As the dust settles on VMware’s VMWorld End User Computing group’s re-invigoration, it is entertaining to wax lyrical on how users will be wedded with their data in the glorious shining summer of a post-PC era. But, we still stand in the cold, blustery autumnal now of mixed desktop environments and legacy applications. Organisations will rely on applications requiring a Microsoft OS for a good few years yet. However, we’ve already begun the transition from a truly distributed environment from individualised, personal computers. The delivery of applications (and desktops) regardless of device type has been available to organisations since the 1990s with Citrix being one of the first to deliver the next generation of applications and desktops to the previous generation of devices and operating environments.
XenApp 6.5 is Citrix’s latest offering of their renowned Presentation Virtualisation (PV) service. Citrix are not alone in updating their feature set. Earlier in 2011 Microsoft introduced SP1 for 2008 enhancing the OS for the core Remote Desktop Services’ (RDS) session virtualization service, Ericom released PowerTerm WebConnect 5.7.1, ProPalms updated TSE to 6.5 and Quest announced vWorkspace 7.2 MR1.
After leaving many of the VDI crowd feeling unloved during the vSphere launch announcement, VMware has more than made amends with the pre-announcement of new PCoIP performance enhancements that will ship in VMware View 5.0.
One of the reduced criticisms of View, and one of the most frequent weapons used against it, has been the relatively poor performance characteristics of PCoIP across high latency low bandwidth WAN connections. Until today, VMware has been following the standard line of denying there is a problem until you are able to solve it. Now, solution in hand Vittorio Viarengo, VMware’s head of all things desktop (officially Vice President, End User Computing)is willing to share Gartner’s perspective on View’s strengths and weaknesses.
The Virtualization Security Podcast on 10/21 was the third in a series of Virtual Desktop Security discussions we are having. The special guest panelist was Chris Mayers of one of the Chief Security Architects for Citrix, the makers of XenServer, XenClient, and the FlexCast solutions. FlexCast provides an all encompassing method to provide virtual desktop and applications that include the following mechanisms:
Let us look at each of these mechanisms in a bit of detail then discuss how they work to provide Security and how to secure them.
VMworld is clearly a Very Big Virtualization Conference – possibly the largest. Yet, does it cover all virtualization topics? If you’re from a Presentation Virtualization (PV) background (although maybe you know it as Terminal Services (TS); possibly even a Microsoft Remote Desktop Services (RDS); heck lets go on an old school ‘server based computing’ perspective):
‘what could VMworld do for me?’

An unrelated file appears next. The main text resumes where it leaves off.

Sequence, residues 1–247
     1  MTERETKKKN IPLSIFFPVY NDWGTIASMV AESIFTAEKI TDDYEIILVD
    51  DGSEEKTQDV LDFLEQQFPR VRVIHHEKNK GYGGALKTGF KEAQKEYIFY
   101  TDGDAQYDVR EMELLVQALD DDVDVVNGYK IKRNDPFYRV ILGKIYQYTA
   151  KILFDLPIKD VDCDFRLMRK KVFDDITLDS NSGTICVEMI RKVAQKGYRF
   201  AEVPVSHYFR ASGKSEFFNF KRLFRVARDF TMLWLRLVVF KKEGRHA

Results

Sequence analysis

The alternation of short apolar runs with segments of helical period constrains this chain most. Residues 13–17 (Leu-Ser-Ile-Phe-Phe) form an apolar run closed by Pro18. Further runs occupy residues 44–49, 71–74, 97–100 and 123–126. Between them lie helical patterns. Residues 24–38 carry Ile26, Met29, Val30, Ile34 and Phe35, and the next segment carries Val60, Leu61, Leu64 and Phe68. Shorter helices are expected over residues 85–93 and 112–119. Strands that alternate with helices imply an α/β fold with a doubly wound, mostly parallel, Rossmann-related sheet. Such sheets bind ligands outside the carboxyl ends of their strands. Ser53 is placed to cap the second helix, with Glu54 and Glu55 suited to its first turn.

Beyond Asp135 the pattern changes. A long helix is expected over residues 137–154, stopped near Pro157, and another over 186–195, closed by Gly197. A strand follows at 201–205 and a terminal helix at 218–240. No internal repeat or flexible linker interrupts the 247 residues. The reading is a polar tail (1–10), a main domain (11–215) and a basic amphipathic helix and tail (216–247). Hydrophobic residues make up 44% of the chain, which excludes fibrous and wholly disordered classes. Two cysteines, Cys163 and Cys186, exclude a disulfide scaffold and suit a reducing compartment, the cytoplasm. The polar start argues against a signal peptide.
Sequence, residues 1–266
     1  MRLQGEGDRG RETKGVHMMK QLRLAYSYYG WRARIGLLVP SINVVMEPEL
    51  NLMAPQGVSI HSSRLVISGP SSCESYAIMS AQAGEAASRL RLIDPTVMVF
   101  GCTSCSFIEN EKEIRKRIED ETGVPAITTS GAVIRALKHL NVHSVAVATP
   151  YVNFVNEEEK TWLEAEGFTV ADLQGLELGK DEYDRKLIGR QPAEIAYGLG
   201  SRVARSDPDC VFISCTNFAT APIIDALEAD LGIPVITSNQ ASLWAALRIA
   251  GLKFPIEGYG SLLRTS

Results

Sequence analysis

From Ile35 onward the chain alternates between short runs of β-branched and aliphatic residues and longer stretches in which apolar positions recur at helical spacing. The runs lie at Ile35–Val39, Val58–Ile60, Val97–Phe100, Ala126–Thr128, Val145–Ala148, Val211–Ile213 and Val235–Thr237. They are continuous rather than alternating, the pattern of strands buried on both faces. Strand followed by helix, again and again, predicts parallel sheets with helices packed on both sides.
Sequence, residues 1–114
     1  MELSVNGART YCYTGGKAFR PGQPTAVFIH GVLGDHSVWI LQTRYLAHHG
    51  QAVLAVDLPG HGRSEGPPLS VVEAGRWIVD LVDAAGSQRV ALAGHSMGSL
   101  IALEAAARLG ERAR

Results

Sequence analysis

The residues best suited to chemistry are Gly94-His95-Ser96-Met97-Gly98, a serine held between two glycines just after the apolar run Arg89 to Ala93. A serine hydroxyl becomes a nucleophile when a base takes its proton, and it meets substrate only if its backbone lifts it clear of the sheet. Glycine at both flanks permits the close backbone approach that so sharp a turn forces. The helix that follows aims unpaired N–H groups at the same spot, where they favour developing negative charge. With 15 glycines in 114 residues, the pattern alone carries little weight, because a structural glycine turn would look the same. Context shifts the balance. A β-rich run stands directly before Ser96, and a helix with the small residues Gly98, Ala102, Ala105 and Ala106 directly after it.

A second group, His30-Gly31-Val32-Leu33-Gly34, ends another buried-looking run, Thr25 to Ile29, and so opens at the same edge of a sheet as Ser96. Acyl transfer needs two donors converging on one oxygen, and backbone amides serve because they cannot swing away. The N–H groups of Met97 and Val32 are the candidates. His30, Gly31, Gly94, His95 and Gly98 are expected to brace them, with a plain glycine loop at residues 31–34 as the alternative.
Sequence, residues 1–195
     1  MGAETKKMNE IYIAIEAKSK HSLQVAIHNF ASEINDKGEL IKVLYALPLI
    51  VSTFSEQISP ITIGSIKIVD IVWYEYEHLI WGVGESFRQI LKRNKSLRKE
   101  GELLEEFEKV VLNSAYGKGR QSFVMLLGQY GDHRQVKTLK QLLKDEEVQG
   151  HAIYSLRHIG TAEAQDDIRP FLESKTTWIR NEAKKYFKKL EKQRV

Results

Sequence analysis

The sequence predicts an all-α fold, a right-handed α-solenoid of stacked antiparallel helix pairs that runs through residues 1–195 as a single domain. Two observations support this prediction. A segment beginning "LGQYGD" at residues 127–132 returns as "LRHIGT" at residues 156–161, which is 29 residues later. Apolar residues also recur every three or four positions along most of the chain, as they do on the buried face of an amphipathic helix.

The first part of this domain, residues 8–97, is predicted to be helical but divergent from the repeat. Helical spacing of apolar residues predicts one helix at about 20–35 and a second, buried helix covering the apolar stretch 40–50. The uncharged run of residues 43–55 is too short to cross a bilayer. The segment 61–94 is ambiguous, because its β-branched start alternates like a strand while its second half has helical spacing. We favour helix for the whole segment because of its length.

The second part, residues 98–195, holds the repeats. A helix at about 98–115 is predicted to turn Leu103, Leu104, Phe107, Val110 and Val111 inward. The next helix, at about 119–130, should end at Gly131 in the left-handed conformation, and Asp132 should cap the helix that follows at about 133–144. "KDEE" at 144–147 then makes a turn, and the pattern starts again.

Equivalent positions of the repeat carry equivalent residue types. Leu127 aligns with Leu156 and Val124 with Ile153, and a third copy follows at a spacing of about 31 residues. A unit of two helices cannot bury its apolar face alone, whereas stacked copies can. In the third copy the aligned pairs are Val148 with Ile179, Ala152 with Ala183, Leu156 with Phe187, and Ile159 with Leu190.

The answer is:
“Quite a lot.”
I know: you’re shocked: I was bemused too. From a PV perspective there are a number of vendors worth your while to to go and see. I’m not going: wish I was now.
It is said that VDI as a concept is straightforward and a compelling proposition. Centralise your services to reduce the desktop management complexity and enable a more cost-effective method of updating desktops. In addition to this, the option to support branch office/remote users from a centralised location can also allow you to reassess network link costs between sites, and indeed VDI allows you to deliver greater productivity through “anywhere, any time” universal access.
In centralising desktop services there’s obviously a requirement to understand the performance and operation of your applications in a virtual host – but, proving that the VDI implementation works technically will be for nothing if you have users who have a poor experience of using the shiny new VDI solution. Indeed, with the rise of mobility, either on mobile devices such as Apple’s iPad or on Microsoft Windows netbooks connected through 3G cards, companies will increasingly rely on networks that experience higher latency and packet loss than on a LAN.
If your organisation has remote users – consider that the impact of centralisation on their desktop experience can be very different: and not always in a happy way.
The cost savings for desktop virtualization have been widely shouted for some time. Often from desktop virtualization vendors. Effectively, these savings come through reducing the desktop management costs but fundamentally by improving your organisations ability to deliver the user’s workspace quickly and effectively – enhancing those management savings with increased productivity. Yet, the majority of current solutions focus on delivering workspaces to devices that are on the network – be they LAN based or WAN based the device needs to be attached to the network to be able to function. Can you deliver your services to laptop users who need to operate off-line?